This is where viral analysis is useful (if I may say so, myself). It helps us distinguish between the medium and the message. The Russian attacks worked because we are all suspicious of traditional institutions. Viral attacks are really good for attacking traditional institutions, and a lot less useful for maintaining them. The institution is like the body. Not many viruses come and support your body’s integrity; they infect!
So the content of the Russian memes — whether it was making progressives angry about Democratic Party corruption, or making Trump supporters suspicious about Clinton — provoked our weak cultural code. That’s only getting weaker in the Trump era.
But, in this case, we may be learning to recognize the unique shells around fake news posts. Or, at least some of us are. I think those of us who are upset by Trump are becoming keenly aware of fake news because they don’t like it. Supporters of Trump are becoming even more aware of the institutional bias of traditional news corporations, and so they’re becoming even more vulnerable to these attacks.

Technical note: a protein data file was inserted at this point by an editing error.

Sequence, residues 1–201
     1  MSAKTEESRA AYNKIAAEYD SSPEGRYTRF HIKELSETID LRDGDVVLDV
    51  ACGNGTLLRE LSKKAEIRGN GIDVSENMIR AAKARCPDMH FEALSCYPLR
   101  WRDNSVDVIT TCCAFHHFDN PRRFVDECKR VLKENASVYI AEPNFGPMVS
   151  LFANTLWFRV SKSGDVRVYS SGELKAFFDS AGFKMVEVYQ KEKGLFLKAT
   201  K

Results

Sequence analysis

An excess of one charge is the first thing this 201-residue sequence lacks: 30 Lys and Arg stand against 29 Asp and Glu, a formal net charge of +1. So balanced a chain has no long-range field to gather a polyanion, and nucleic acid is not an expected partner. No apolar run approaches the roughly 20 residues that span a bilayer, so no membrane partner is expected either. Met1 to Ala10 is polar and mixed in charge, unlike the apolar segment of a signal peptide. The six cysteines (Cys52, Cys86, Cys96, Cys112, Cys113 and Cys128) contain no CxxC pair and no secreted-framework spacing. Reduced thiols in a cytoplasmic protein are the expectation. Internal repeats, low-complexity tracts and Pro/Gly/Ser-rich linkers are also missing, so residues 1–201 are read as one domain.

But everyone is raw, impulsive, untempered by normal human mechanisms for moderation. So, in answer to your question: the illness is apparent, but our awareness of the disease seems largely to be exacerbating its effects. Real resilience will require people to learn to connect with one another socially, in real life — experiences of mutual aid — so they can have some experiences that contradict the artificial messaging.
Pescovitz: Had Hillary Clinton won, it would still be urgent for us to try to understand and deconstruct disinformation, computational propaganda, and other forms of media manipulation. The memes would have been different but the culture in which they thrive did not develop over a single election cycle.